As noted in the previous article, we arrived the Morehead City Yacht Basin fuel dock at 0815 hours on Wednesday morning. Our goal was to take on fuel, top off our water tank, offload garbage and, since the forecasts looked favorable for following seas …
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As noted in the previous article, we departed Venice at 1140 hours on Saturday. Our goal was a fuel stop in Morehead City North Carolina, which is approximately 900 NM from Sarasota.By early Sunday morning we were off Everglades National Park when we f…
Reader Note: This blog has been silent since the last trip south from Hinghan to Sarasota, which, incidentally, set what I believe will be an all-time record for cooperative weather and running time (i.e., 7 days and 7 hours). My lack of activity resulted from being heavily involved in editing my daughter, Lesley’s, doctoral dissertation and a bit of laziness. Lesley successfully defended her dissertation in March and graduated from Northeastern University’ College of Professional Studies with an Ed.D on May 10th.
Now to our story. As usual, the process of transitioning our residence from Sarasota to Hingham involves preparation including crew, maintenance, food, weather and, most critical for this trip, the route out of Sarasota Bay.
The crew decision came early in December when Morgan Watt decided to do another journey. Morgan crewed with me in 2017 with Guy Aries so this would be his second time. Morgan is eminently qualified as second in command as he has both a pilot’s and captain’s license. Morgan flew jets for NetJets for 17 years. Needless to say, he brings considerable experience with navigation, communication and weather. Morgan nominated his father, David, as the third member of our crew. David too has boating experience and has taught boating safety classes.
|David Watt, Morgan Watt and myself at departure.
My friend, Jim Lampl, in the background cam to see us off
Food for the journey north is a “no brainer.” Morton’s Gourmet Market provides prepared entrees, called “Gourmet Meals To Go,”and their executive chef, Fernando, prepared some special dishes including mushroom ravioli; Dijon chicken with fingerling potatoes and Brussell sprouts; and chicken pico degallo with fingerling potatoes and green beans. Add to this their standard fare including grilled salmon, meatloaf and mashed potatoes, veal cannaloni and eggplant rollatini and you have the makings of gourmet meals. The rest of the provisioning process is outlined on an Excel worksheet. The key to provisioning is to have food for 9 days. That requires 27 dinner entrees which are frozen and stored in the freezer. When we depart Sarasota or Hingham the freezer and refrigerators are stocked close to capacity. Fortunately, the 63 has a full size GE Monogram side by side refrigerator.
Maintenance. Dealing with repairs and maintenance during the winter of 2018 in Sarasota proved to be an exercise in frustration and considerable expense. Needless to say, almost every repair required multiple visits by my service personnel. They literally could not fix anything it right the first time. I may treat this a separate blog article, perhaps as a way of venting my frustration. We finally finished all maintenance and repair tasks on day before departure.
Now to weather. As of Friday morning at 10:45 AM we had favorable conditions all the way to Cape Hatteras. Winds off the Florida Keys were forecasted to be around 10 knots with seas 2 to 3 feet on Saturday. Heading north off Cape Canaveral the forecast called for north winds 10 to 15 with 2 to 3 feet seas on Sunday. Farther north on Monday, at Jekyll Island Georgia, NOAA was calling for east north east at 10 to 15 knots with seas 3 to 4 feet. Waters off Cape Fear on Tuesday showed winds less than 10 knots and seas 2 to 4 feet. Finally at Cape Hatteras they were calling for west winds 10 to 20 with seas 3 to 6, which for us would be mostly a following sea.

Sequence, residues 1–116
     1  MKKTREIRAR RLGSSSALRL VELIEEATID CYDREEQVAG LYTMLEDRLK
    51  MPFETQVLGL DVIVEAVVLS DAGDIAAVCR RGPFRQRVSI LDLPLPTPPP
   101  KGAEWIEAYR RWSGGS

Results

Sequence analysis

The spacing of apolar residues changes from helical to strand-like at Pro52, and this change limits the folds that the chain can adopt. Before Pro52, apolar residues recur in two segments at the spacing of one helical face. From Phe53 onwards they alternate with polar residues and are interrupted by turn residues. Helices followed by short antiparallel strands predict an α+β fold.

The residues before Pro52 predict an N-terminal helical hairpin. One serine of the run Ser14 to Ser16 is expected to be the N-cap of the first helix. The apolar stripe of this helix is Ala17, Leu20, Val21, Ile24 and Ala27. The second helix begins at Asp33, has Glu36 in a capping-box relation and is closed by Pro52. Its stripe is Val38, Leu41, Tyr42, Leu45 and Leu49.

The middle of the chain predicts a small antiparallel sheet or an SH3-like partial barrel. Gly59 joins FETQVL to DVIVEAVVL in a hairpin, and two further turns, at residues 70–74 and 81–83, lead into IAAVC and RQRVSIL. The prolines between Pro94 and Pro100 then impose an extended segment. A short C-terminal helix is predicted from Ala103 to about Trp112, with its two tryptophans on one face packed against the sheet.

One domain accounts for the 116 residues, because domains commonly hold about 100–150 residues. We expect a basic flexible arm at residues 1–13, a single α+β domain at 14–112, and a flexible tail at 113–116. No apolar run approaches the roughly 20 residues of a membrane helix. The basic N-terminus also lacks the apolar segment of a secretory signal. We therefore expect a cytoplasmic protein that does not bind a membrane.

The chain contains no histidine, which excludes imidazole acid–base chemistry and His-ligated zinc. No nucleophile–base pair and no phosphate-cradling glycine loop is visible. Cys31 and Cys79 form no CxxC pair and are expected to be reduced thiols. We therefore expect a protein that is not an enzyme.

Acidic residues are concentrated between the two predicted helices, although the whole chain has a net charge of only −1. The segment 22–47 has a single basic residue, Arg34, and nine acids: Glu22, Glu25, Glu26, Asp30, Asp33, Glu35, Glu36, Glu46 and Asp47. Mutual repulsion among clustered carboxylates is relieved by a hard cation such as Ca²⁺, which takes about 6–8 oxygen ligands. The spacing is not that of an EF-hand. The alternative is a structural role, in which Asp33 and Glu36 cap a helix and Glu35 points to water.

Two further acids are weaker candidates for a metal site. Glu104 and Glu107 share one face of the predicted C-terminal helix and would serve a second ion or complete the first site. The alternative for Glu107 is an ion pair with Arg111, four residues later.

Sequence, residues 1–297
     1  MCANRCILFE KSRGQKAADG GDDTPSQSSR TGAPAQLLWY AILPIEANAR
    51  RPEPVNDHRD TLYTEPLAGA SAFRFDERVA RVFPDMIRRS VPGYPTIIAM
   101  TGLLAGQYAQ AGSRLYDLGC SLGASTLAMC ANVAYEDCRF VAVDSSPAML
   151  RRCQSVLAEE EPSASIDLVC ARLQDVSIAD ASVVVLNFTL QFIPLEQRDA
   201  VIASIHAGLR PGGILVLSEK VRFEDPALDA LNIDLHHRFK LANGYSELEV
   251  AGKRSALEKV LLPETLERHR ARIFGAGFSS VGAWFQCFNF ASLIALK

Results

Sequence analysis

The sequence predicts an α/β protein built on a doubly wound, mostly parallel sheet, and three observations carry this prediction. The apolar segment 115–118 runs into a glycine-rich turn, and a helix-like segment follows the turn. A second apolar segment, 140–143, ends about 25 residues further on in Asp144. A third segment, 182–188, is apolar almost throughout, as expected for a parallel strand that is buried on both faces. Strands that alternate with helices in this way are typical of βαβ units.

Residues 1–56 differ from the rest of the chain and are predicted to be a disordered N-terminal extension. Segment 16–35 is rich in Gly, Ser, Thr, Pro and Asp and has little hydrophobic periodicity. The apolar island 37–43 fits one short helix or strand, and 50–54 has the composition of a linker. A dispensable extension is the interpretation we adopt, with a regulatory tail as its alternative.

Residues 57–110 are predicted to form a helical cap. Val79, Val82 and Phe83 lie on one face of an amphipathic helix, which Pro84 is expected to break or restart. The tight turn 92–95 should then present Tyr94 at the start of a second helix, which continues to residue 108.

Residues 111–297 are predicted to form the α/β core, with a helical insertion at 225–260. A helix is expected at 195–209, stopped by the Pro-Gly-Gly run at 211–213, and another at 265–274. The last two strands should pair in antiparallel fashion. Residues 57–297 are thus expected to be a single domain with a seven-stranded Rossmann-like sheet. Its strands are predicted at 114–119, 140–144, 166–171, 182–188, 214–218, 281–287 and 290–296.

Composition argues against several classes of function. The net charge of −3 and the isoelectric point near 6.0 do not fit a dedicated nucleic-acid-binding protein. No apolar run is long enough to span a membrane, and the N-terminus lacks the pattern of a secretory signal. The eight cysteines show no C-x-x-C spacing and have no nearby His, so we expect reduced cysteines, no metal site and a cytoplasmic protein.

The next important decision is how to depart from Sarasota Bay. This decision involves tides, winds and seas. The easiest way is via Sarasota Big Pass. But this route comes with a tricky ever shifting shoal at the mouth of the pass. The slowest and safest way is south on the Gulf Intracoastal Waterway (GICW) to Venice. This route, however, involves four (4) bridges and several no wake zones.
This year I chose to map the route through the Big Pass shoal by following the fishing party boat on on its daily run out to the Gulf fishing grounds. My AB RIB is equipped with a depth sounder and Garmin Chartplotter. What I found was a controlling depth (i.e., the shallowest spot) of 6 feet. This strongly suggested that the best time to traverse the route was at high tide. “High tide” in Sarasota adds 2 feet of clearance. So, at the shallowest spot we would have 3 feet of clearance. The high occurred on Friday, August 27, at noon time and that fact and the forecasted seas of 2 feet of less dictated our departure time.
The crew arrived on Friday, April 27 at 11:45 AM and by 12:21 PM we were on our way. At 12:51 , one hour after high tide, we traversed Big Pass. Seas were less than a foot, largely to due to protection of the 2 mile sand bar to the west. Our depth sounders lowest reading on the planned course was 1.5 feet. We were now successfully in the Gulf and headed south.
Around 14:00 I noted an alarm on the stabilizer control panel that read as follows”High Oil Temperature / Warning Only / Check Cooling System.” This alarm indicated that the hydraulic fluid was overheating. This is a precursor to a full overheat would could damage the system. Catching it early was good news. The bad news is we had to shut down the stabilizers and would not be able to continue the voyage until the problem was resolved.